Beach Access Map for Myrtle Beach SC area- GoToMyrtleBeach.com
 

Beach access map

Grand Strand Beaches

Here’s a look at some of the best beach access spots in the area. Read about what each place, pier and park has to offer:

Pawleys Island

Pawleys Island

Known for its “arrogantly shabby” lifestyle, which mixes high-end homes with rickety shacks and a laid-back vibe, this area is a gem for beachgoers.

Pawleys Island claims to be “the oldest seaside resort in America,” and residents take pride in this designation, working hard to keep the pace of life slow and relaxing.

It is one of the few unspoiled, non-commercial oceanfront communities on the Grand Strand which means there’s almost never a crowd on the beaches along this 4-mile stretch of sand.

Finding parking can be tough at times, but you can try limited parking access spots off of Atlantic Avenue at Hazard, First, Pearce, Second and Third streets as well as at Shell Road. There is also a 100-car parking lot at the south end of the island which can also fill up quickly in the high season.

However, once you do nab a place to park you’ll surely enjoy the unique feel of this beach including the sand, which has a more granular quality than some other beaches, and the rocky jettys scattered at intervals along the beach.

The area also sports one of the most attractive piers on the Grand Strand, however the Pawleys Island Pier is unfortunately only open to residents of the area.

Litchfield Beach

Litchfield Beach

About 30 minutes south of Myrtle Beach, the beaches of Litchfield Beach offer a natural beauty and a quiet, reserved setting that’s perfect for retirees or those looking to escape the crowds of its northern neighbors.

As part of the Waccamaw Neck, the area surrounding the beach has a village-like small community feel and the only hotel you’ll see near the beach is the expansive 4,500 acre Litchfield Beach and Golf Resort, located within the Litchfield by the Sea residential community.

For the most part the area offers secluded beaches and even a chance for some exploration of truly undeveloped land if you walk all the way south to the peninsula where Pawleys Island Creek and Midway Inlet combine to separate Lichfield from Pawleys.

In North Litchfield Beach you can get to the beach off of Parker Drive just north of Windover Street, at the end of Windover Street, at the end of Fairfield Street, between Fairfield and Exeter streets, at Seaview Loop, between Belvedere and Mariner streets, at the end of Mulberry Street, at the end of Eutaw Street, at the end of Media Street, at the end of Summertime Street and at the end of Loggerhead Street.

In Litchfield Beach there are beach access locations off Norris Drive, between Sundial Drive and Albert Lane, as well as at the end of Albert Lane, at the end of Mason Lane, at the end of Chesterfield Lane, and between Chesterfield and Lyman lanes.

Huntington Beach State Park

Huntington Beach State Park

Huntington Beach is not only a great place for walking trails, exploring the gorgeous architecture of Atalaya castle and camping, it’s also a great spot to spend a day at the beach.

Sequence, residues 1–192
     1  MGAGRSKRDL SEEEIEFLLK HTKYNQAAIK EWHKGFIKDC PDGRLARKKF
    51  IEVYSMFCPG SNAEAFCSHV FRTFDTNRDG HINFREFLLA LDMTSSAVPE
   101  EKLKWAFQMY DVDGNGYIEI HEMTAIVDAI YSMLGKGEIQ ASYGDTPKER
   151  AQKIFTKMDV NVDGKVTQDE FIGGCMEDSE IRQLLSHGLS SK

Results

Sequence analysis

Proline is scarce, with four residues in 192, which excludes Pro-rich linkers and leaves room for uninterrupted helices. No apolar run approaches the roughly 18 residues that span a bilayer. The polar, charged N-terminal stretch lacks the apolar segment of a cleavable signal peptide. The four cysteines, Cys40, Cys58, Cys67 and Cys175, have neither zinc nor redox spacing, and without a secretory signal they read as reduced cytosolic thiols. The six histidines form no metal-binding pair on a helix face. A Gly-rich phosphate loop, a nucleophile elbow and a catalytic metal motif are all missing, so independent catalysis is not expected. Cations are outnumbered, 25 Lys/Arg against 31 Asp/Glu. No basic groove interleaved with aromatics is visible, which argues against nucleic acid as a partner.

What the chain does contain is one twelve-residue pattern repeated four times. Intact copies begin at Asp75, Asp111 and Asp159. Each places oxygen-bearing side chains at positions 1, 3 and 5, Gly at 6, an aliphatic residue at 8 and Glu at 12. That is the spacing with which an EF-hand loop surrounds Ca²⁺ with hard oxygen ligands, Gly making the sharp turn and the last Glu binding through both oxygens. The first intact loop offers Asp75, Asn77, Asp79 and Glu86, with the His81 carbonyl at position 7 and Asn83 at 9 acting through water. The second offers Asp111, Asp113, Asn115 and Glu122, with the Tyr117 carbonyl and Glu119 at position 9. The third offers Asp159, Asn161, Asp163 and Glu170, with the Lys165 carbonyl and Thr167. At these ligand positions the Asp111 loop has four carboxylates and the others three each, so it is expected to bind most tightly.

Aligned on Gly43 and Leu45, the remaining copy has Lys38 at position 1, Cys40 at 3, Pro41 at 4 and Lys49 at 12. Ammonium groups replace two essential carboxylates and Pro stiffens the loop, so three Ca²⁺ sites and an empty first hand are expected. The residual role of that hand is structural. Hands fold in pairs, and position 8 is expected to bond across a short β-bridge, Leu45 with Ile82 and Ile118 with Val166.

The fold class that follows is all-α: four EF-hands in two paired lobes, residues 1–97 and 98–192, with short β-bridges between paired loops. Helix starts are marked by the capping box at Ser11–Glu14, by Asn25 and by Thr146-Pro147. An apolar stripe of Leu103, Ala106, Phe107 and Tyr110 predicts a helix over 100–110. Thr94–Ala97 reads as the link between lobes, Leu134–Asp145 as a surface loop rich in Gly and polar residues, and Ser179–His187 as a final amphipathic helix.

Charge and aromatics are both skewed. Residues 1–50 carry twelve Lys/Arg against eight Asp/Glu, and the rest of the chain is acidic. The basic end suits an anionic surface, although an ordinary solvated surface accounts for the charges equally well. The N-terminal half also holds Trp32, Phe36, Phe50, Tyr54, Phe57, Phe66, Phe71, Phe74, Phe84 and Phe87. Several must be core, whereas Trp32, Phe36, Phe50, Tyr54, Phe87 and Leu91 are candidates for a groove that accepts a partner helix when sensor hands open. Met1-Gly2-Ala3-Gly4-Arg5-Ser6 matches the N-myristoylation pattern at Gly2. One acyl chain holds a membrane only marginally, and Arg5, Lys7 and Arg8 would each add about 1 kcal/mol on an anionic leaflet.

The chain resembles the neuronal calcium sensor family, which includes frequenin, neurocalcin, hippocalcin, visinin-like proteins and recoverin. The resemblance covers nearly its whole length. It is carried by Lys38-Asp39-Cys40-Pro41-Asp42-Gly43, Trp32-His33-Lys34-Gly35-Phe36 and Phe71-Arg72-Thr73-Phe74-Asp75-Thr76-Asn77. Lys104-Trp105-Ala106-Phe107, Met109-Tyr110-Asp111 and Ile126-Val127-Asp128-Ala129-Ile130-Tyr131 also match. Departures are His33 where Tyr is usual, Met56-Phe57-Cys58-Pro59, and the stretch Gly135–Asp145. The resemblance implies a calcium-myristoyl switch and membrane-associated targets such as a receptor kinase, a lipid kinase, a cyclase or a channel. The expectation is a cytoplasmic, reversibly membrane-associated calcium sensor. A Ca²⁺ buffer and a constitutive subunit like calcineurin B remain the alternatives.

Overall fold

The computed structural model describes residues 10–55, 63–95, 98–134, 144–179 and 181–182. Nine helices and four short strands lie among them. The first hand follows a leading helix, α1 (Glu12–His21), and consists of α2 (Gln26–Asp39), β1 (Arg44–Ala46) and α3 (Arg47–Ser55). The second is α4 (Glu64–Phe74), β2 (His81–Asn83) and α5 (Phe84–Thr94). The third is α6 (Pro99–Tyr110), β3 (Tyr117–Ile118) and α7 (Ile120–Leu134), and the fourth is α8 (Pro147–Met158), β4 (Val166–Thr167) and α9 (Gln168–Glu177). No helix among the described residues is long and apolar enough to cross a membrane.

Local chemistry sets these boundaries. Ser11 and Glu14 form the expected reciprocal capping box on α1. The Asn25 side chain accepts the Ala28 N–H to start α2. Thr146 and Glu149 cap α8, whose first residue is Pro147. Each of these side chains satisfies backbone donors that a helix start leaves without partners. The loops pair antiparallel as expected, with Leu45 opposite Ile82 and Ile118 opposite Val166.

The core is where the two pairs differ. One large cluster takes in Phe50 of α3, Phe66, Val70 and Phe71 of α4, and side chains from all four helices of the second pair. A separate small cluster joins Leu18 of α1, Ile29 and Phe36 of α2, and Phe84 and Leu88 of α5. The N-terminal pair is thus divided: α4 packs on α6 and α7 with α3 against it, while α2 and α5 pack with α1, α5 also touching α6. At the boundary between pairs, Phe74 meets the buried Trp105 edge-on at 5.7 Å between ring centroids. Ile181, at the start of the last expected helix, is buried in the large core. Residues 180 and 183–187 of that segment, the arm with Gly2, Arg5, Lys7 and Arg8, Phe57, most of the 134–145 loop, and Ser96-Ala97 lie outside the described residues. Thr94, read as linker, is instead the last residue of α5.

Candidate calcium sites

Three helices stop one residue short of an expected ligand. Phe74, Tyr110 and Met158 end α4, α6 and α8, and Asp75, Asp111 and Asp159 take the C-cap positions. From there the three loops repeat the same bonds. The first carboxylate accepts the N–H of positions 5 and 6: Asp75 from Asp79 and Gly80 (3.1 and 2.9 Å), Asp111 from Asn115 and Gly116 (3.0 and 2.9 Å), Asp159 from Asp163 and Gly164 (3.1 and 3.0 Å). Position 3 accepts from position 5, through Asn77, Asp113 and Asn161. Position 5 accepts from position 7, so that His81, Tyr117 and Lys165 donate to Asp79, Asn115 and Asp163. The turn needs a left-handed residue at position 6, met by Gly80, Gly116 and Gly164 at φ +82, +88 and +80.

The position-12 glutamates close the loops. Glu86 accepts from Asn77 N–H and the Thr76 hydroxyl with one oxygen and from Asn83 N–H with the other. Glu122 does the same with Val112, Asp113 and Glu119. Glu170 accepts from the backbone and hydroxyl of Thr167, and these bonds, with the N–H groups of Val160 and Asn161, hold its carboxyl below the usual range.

Located just across from Brookgreen Gardens, south of Murrells Inlet and North of Pawleys Island, visitors will catch a glimpse of the area’s beauty as soon as they enter the park.

Here you’ll see in inland lake and swamp area that’s full of wildlife and has become a sanctuary for bird watchers in the area.

Once you wind your way back to the beach itself, you can easily find a pristine place for setting up your beach gear and enjoy the beautiful weather all day long — though some say the best time to visit is in the early morning when the beach become prime real estate for shelling.

Because the park is managed by the state, there is a small admission fee of $5 for adults, $3.25 for Seniors and $3 for youths (age 6-15). Children age 5 or younger are free.

Garden City Beach

Garden City Beach

Though sometimes referred to as a city by locals, Garden City is actually an unincorporated area of Horry County that runs from the southern border of Surfside Beach to the end of the peninsula where Murrells Inlet enters the land.

It is centered on a stretch of restaurants, bars and attractions — including an arcade and small amusement park — that lead down Atlantic Avenue to The Pier at Garden City. The pier itself is a popular spot for fishing and has a bar known for its karaoke nights, as well as its own arcade.

The northern part of the area is very similar to Surfside Beach, with flat beaches that are moderately populated with visitors from some smaller hotels and beach houses.

The southern part is much more secluded with only residential homes and vacation rentals along the beach for the roughly 3 miles that dead end into the Inlet Harbor subdivision.

There are numerous beach access spots in Garden City including near the pier at Hawes Street and off of Waccamaw Drive  at Woodland, Calhoun, Rainbow, Sea Breeze, Oak, Pine, Magnolia, Yaupon, Azalea and Holly streets.

Surfside Beach

Surfside Beach

The two-mile stretch that runs along Surfside Beach is one of the more well-manicured parts of the Grand Strand, as it is maintained throughout the year by town employees.

Known locally as “The Family Beach” it offers a non-smoking environment that provides a friendly setting for beach games, kite flying, watersports and many other family-friendly activities.

In all, there are 36 beach access points in the Town of Surfside, including its most popular one, the Surfside Pier. Here visitors can enjoy fishing, take a leisurely stroll or grab a bite at Licks Ice Cream Shop or The Surf Diner.

Wheelchair access is available at Third Avenue North, Surfside Pier, and Melody Lane and special beach wheelchairs are available free of charge through the Surfside Beach Public Safety Department — call 843-913-6368 for info.

Parking is available at pay stations and metered spaces across 12 different lots and you can often find free parking at the area’s six parks if you’re willing to walk a few blocks.